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Heavy Medal: A Mock Newbery Blog
Inside Heavy Medal

Spring Fling?

Savvy and Shooting the Moon are two titles that I heard a lot about this spring, and which some of you mentioned as soon as we said we were looking for titles.  Both of these books have engaging voices, and well-paced and compelling narratives. They are fun and well done. Are they distinguished? I’ve yet to have someone convince me, using the Newbery Terms and Criteria.  I find both titles suffer in endings that don’t quite deliver…or that just deliver a slightly shabbier version of what was promised–like getting the wrong bike for your birthday.  It’s true that they are strong spring titles…and it can be difficult sometimes to locate the measure of  a "distinguished" book among spring returns.

I’ve heard from some publishers that they hold their "best" books for fall, because this is when award committees notice them most. Is this true?  If so, isn’t it just a self-fulfilling prophecy? From my stints on award committees, I can promise you that committee members are "noticing" titles all year long (that is, reading their butts off, 24/7/365). Another version of this goes that a spring title has a longer time to sink in estimation with committee members. Hm. Actually, I’ve found award committee members to be amazingly rigorous in exposing all flaws in every title (there is NO flawless book) and weighing them judiciously against each book’s strengths. It’s just that this work gets more intense in the fall… perhaps because publishers are holding on to their strongest titles? In that view, a spring title could be considered to have more time to "recuperate."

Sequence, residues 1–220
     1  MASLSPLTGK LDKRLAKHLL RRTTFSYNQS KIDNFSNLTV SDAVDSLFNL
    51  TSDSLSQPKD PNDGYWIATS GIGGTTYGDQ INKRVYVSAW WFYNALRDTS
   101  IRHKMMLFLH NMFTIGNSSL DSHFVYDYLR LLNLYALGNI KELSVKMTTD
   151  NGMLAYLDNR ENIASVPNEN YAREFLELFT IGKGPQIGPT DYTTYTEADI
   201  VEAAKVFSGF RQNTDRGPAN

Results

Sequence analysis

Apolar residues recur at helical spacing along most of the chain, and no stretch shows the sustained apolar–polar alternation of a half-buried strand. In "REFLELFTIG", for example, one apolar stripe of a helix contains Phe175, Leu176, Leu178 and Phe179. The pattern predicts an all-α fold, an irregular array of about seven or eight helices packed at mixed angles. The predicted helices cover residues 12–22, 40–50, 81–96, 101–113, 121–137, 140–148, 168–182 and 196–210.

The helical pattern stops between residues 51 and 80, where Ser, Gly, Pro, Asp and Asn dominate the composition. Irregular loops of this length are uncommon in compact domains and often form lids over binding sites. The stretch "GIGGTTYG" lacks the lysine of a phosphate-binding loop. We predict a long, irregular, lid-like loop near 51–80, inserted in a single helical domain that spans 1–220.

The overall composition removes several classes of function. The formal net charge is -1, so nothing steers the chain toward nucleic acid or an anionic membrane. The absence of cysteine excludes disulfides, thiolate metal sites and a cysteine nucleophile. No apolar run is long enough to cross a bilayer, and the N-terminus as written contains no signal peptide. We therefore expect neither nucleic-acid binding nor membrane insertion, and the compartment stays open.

So, a hint to publishers: Fall ARCs in the spring or summer whenever possible are greatly appreciated by award committees. Committee members will follow up by reading the final copy when you send it. The more time members have to work with a title, the better they can articulate their thoughts on it. No book with a Newbery Medal has gotten it without having gone through the wringer first. In fact, one measure of "distinguished" might be how well a book holds up after several rounds through it.  Maybe a thread starts to pull, a non-essential button loosens. But doesn’t the whole thing still glow, maybe even with a richer hue? 

(Okay–someone take me on regarding Savvy or Shooting the Moon, but be convincing…)

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Nina Lindsay About Nina Lindsay

Nina Lindsay is the Children's Services Coordinator at the Oakland Public Library, CA. She chaired the 2008 Newbery Committee, and served on the 2004 and 1998 committees. You can reach her at ninalindsay@gmail.com

Comments

  1. Franki says:

    I LOVE Shooting the Moon and have Savvy on my pile because I keep hearing such great things about it. Not sure if either meets Newbery criteria but how about Greetings from Nowhere by Barbara O’Connor? I’d like to throw that one in as a possibility. I think people have forgotten about it since it was out so early.

  2. Roger Sutton says: